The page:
The value proposition: a carbohydrate-based example

content marketing advice

You were powerless to resist their doughy charms.

Have you ever bought six bread rolls that were bagged together when you really only needed four? Why?

  • Well you were already there for bread anyway so why not buy a little more than planned?
  • They looked fresh and good.
  • They were keenly priced.
  • They were prominently displayed on a table in front of the counter.
  • The process was quick – no waiting in a 10-minute queue.
  • The bread was available for you to take home and consume immediately.

Do you see what we’re saying?

You have to package, promote and facilitate the exchange for it to work well.

Example: take six blog posts about one topic, bundle then into the form of an attractive eBook, prominently display it on your homepage and make the process frictionless and you’ll have success. Or you could wait for the reader to find and read those six blog posts themselves. Good luck with that.

Rules for content providers:

The attitude: growing databases of email addresses are a hugely valuable asset – content marketing helps grow your database in a way that makes everyone feel good. Reader receives valuable content, we receive an email address. From there we build a relationship to whatever end suits us. This is how we do business.

No more giving it all away for nothing. Your readers happily give over their email address to all sorts of organisations for far more mundane purposes. Your content is valuable. Lock under the nearest stairs anyone who says: “we can’t expect people to give us an email address for our free information.”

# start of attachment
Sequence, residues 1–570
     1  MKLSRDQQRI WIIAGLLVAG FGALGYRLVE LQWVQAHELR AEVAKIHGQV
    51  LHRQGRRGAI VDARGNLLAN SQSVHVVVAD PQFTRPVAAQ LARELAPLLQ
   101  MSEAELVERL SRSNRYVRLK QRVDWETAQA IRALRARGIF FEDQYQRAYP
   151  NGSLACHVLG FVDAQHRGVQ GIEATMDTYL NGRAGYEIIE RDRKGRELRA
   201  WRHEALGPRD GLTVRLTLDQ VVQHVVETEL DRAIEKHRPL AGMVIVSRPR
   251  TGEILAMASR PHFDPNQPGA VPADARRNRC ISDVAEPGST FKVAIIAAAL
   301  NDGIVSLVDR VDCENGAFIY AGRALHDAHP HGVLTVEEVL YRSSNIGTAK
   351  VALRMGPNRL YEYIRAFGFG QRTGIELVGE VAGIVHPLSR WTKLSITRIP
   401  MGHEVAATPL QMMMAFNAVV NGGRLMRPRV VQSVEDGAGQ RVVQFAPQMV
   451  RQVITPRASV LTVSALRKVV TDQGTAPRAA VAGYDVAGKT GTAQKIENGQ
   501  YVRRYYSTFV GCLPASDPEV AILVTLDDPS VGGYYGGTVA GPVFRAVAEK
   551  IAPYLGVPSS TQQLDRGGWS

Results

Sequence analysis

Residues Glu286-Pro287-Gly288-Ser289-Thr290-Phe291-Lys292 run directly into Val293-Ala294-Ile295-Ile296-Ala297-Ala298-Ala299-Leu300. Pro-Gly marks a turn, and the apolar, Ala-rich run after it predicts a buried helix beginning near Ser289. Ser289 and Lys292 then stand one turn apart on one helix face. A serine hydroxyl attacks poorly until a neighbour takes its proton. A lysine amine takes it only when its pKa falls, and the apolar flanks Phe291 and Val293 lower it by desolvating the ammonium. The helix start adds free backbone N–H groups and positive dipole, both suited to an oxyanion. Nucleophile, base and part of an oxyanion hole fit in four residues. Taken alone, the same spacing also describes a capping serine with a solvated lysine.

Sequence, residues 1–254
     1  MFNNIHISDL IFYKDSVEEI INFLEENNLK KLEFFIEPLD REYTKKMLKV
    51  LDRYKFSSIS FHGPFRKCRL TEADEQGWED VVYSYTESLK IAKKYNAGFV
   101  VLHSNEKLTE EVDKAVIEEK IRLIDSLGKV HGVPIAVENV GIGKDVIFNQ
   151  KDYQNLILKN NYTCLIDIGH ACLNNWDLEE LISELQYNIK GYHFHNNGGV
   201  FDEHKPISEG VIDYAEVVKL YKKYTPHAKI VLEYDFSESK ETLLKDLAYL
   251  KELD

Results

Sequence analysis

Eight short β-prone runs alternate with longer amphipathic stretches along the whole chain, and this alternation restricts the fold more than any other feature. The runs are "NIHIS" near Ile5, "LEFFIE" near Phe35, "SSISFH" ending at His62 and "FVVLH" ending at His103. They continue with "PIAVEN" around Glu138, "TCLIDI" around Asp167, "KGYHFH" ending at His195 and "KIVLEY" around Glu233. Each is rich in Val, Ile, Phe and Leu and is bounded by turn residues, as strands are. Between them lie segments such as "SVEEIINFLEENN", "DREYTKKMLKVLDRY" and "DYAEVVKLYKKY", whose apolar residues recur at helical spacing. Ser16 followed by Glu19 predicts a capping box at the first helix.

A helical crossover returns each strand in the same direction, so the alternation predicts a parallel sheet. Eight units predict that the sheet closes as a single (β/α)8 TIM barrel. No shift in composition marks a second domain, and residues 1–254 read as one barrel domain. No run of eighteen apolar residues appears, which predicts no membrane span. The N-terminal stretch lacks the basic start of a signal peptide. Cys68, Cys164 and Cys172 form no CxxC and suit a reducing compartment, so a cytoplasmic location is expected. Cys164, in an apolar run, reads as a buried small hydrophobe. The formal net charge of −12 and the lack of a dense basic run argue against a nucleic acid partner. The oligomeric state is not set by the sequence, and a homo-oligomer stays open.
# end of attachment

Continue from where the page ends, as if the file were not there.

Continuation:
Content must be valuable. Not just informative – be helpful, practical, urgent, specific.

You have to give until it hurts. Only then can you ask for support or a purchase.

podcasting as content marketing

Consider creating a podcast. They are back in vogue.

Experiment with different formats – from eBooks, to single page factsheets, to video or podcasts. Venture beyond written words.

Recognise that content is only part of your challenge. Content must be presented well, marketed aggressively and be accessed in a seamless, elegant way.

Page design of the page on which people provide their details (AKA the “squeeze page”) is hugely influential. This is the squeeze page for our free PDF eBook Event Savvy. We’ve kept it short and simple. We’ll explain more about this soon.

More appealing content gets more readers: there was a time when newspapers were black and white, image-free, densely filled with words and yet people read them. Today that would not work.  Today, a newspaper website will have a mix of full colour articles, slideshows, video, Q&As, infographics, listings, clearly demarcated sections and cartoons. All of this makes their content more appealing. Do likewise.

Monitor your results. And boast about them to superiors. What is the metric by which you will judge success? Total the costs involved and divide by the amount your content has been downloaded / subscribed to. For our Event Savvy eBook we want to build our brand, gain new email addresses and secure speaking or emcee gigs for Brett.  On day one our eBook Event Savvy was downloaded 89 times at a cost of $3.14 per download including design costs and some Facebook promotion. With no ongoing design costs that cost per download goes down with every single download. How low will it go? We’ll keep you updated. Suffice to say the economics will work out a treat.

Serious fundraisers know how much they are willing to pay to acquire a donor based the average lifetime return per donor. Have you got something similar for an email acqusition?